Buying a degree?
There educational news world is awash with discussion and commentary on the falling value of third-level degrees. The consensus seems to be that degrees are not what they used to be. Pass degrees and lower honours degrees, in particular, are suffering from a lack of value.
All this increases the pressure on students to get a higher honours classification. This, of course, leads to pressure on colleges to award this higher classifications. Should they give in? There is no doubt that this is the easier option, but academic ethics might have something to say about it. Students should get the award level that their work deserves regardless of pressure to bend on the side of the higher level. The result is that lecturers spend even more time and effort giving feedback, and there is nothing wrong with that.
What happens when things go too far? What happens when a student is so upset with his grade that he goes outside the college appeals systems to express his disappointment. A student in Queens University Belfast is doing just that. The student claims that inadequate supervision was the difference between a 2:2 and a 2:1 honours in his degree classification. He is taking his case to the law courts.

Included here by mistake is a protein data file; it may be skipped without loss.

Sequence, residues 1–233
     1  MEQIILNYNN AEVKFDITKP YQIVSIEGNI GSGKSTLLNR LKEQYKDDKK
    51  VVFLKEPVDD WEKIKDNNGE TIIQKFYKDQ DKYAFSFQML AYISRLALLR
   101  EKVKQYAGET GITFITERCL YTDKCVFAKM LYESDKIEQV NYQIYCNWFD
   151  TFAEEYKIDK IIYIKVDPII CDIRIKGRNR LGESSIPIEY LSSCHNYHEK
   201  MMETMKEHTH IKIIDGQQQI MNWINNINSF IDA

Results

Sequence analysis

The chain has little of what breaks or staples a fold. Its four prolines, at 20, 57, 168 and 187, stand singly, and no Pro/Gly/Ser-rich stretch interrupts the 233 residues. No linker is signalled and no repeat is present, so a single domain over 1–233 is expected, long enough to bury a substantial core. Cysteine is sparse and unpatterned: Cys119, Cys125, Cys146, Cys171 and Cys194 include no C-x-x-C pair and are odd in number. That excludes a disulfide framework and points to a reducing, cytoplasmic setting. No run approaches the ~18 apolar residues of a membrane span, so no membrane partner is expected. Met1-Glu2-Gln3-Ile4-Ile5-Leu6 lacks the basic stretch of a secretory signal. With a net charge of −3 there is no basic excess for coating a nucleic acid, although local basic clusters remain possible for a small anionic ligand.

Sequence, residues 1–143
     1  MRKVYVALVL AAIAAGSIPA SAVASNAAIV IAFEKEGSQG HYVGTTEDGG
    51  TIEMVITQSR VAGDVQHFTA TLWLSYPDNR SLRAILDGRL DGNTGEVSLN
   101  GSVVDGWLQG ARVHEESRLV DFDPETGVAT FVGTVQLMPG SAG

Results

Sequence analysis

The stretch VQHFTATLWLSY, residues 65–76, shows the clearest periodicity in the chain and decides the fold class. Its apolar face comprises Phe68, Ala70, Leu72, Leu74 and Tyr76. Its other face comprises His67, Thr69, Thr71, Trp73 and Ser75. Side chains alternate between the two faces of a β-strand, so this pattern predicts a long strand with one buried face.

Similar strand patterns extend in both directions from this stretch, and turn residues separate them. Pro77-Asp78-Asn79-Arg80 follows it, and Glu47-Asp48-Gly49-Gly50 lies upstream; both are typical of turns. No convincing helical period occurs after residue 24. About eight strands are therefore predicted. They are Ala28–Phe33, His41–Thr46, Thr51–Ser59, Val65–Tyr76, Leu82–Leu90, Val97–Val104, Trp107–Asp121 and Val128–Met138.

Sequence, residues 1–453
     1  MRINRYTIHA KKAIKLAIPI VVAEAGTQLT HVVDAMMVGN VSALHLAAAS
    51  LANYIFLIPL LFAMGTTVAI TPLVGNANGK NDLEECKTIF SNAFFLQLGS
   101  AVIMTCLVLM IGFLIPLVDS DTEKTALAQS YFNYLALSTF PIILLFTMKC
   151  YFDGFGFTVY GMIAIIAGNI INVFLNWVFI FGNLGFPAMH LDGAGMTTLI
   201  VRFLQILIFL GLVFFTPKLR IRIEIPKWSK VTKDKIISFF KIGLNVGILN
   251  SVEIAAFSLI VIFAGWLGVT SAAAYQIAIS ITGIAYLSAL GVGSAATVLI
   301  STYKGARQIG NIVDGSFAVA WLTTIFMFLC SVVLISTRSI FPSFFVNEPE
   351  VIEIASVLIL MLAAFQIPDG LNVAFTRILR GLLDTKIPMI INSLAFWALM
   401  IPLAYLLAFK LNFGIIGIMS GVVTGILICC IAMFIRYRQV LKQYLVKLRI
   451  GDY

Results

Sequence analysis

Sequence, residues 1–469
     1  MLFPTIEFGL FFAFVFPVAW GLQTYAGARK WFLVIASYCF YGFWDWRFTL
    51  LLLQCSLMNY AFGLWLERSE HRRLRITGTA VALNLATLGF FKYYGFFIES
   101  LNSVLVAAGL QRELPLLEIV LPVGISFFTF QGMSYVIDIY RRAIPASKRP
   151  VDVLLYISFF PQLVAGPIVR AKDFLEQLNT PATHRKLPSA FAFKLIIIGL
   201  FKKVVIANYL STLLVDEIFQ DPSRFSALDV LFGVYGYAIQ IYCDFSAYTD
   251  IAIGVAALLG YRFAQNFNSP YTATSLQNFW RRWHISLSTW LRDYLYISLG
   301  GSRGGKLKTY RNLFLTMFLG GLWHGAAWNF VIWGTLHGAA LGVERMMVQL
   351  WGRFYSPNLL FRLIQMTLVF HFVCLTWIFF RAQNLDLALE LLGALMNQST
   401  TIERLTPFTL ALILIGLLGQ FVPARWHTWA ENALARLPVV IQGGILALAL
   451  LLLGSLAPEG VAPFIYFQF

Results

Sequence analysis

QUB respond by saying that the courts are not the place to tackle the dispute and that the student graduated with, i.e. accepted, his 2:2 degree. This seems reasonable, and one assumes that QUB, like all educational institutes, gives students a reasonable period to query and appeal results.
Does the student then have a case? The proverbial jury (in this case, Judge) is out for the moment.
Meanwhile, we have to ask. What does better supervision mean and how do we measure the quality of supervision? Guidelines for supervision and tracking student progress are possible. These need to be flexible enough to allow for a supervisor/supervisee rapport to develop and evolve as the student’s work progresses. If they are overly prescriptive the progress might be stifled by bureaucracy. Where is the happy medium that allows for a robust supervision but prevents the claim of lack-of-supervision by a student? No easy answers here.